Her short hair is spicy and her fashionable denim-fur outfit is striking. She immediately catches our eyes as she approaches us. We meet Zsuzsanna Iricsek, member of the Budapest Pride Organisation and Art History student. Her looks spark our interests: this activist lady looks like nothing to mess with. Looks may be deceiving though: her provoking appearance turns out to veil a very friendly girl.
She apparently became more free-spirited after living in Berlin and London for a while. This made her realize she had to do something about the LGBTQ situation in Hungary. We interviewed her about her mission.
You were led to the Pride-Organisation by your experiences in Berlin and London, that there is the possibility of an open-minded society?
No, of course I knew about more humane states and societies, but for me it was an important step towards activism to actually experience and feel the differences between the Eastern (or in my case let’s just say wider Hungarian) and some Western European social norms, let’s talk about the political regulations or the everyday activities and relationships. I think being an LGBTQ (lesbian, gay, bisexual, transgender or queer) person or being a member of any other minority is more often discriminated and oppressed between the Hungarian borders than in some other countries and cities I lived in. It’s quite liberating and inspiring leaving the still living past, 19th century national-romanticism and christian-conservativism, behind, to be part of a community where, for example, it is totally natural to be a lesbian, to be who you are, without experiencing any disadvantages.
What do you do in your Pride-Organisation? To get an idea of your work?
Budapest Pride is a feminist, anti-racist organisation, working for LGBTQ rights. All of our members are activists, who dedicate their free time to enforce basic human rights in a heteronormative, masculine-orientated and highly hierarchized society, where oppression of the minorities (due to their sexual orientation, gender identity and/or ethnicity for example), inequality before the law, and even everyday sexism are key and really problematic issues. Our main aim among strengthening the LGBTQ community is to raise political awareness and put pressure on the processes of legal legislation. As the situation of the sexual minorities is especially difficult in the cities outside of Budapest, we lay extra emphasis on the integration of these areas.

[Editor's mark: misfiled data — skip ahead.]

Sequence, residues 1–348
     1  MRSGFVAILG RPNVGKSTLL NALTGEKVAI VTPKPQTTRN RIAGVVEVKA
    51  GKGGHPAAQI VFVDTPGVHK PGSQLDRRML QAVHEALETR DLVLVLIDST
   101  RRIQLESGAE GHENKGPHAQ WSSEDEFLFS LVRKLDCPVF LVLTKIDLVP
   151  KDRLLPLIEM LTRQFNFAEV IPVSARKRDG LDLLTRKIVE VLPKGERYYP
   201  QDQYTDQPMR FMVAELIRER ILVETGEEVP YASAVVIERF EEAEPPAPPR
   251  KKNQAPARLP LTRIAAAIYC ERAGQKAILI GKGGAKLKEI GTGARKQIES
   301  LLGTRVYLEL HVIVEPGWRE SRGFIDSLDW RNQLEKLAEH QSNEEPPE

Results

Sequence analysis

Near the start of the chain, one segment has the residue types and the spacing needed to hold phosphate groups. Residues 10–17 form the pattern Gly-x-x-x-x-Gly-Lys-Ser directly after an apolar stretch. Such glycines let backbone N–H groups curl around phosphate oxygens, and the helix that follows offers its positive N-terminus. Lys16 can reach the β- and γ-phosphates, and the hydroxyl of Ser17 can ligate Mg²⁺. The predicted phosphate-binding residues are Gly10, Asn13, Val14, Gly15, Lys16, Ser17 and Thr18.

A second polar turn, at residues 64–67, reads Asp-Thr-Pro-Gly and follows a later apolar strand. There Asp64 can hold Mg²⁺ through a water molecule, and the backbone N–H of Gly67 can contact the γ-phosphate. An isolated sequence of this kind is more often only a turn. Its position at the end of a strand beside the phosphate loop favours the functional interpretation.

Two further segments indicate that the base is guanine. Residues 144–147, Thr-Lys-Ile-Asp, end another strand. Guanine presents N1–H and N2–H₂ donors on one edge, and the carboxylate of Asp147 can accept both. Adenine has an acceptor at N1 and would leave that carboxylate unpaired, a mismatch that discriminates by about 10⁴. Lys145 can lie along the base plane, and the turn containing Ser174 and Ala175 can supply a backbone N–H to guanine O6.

And what do you do exactly?
We organise a one week long festival, the Budapest Pride LGBTQ Festival during the summer, with workshops, discussions, parties, quiz and OpenMic nights and other cultural programs, like exhibitions, theatrical plays, literary reading nights – just to name a few. On Saturday, at the end of the Pride week we have the Pride March, which is one of the most visible and awareness raising protests during the year. Also, we hold our Budapest PrideLGBTQFilm Festival in November, with the screenings of award-winning and alternative short movies from all around the world.
We also participate on Sziget Festival, at the moment it is the only place and time where and when you can get same-sex married during the year – as unfortunately it is still not allowed legally in Hungary.
Can you tell us a bit more about the march? Is it for example different from the Pride march in Amsterdam?